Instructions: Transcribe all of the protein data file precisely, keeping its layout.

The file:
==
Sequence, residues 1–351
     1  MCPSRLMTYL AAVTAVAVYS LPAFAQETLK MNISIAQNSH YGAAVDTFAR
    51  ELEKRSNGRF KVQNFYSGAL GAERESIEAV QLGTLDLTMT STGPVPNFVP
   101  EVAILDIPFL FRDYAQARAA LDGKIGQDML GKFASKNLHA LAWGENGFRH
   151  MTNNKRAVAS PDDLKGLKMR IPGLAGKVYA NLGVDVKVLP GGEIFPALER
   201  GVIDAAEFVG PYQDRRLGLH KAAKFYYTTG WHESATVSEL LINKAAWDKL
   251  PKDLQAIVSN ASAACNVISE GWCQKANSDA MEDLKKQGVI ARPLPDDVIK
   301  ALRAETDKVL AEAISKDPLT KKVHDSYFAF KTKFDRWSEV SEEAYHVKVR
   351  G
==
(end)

Sequence, residues 1–351
     1  MCPSRLMTYL AAVTAVAVYS LPAFAQETLK MNISIAQNSH YGAAVDTFAR
    51  ELEKRSNGRF KVQNFYSGAL GAERESIEAV QLGTLDLTMT STGPVPNFVP
   101  EVAILDIPFL FRDYAQARAA LDGKIGQDML GKFASKNLHA LAWGENGFRH
   151  MTNNKRAVAS PDDLKGLKMR IPGLAGKVYA NLGVDVKVLP GGEIFPALER
   201  GVIDAAEFVG PYQDRRLGLH KAAKFYYTTG WHESATVSEL LINKAAWDKL
   251  PKDLQAIVSN ASAACNVISE GWCQKANSDA MEDLKKQGVI ARPLPDDVIK
   301  ALRAETDKVL AEAISKDPLT KKVHDSYFAF KTKFDRWSEV SEEAYHVKVR
   351  G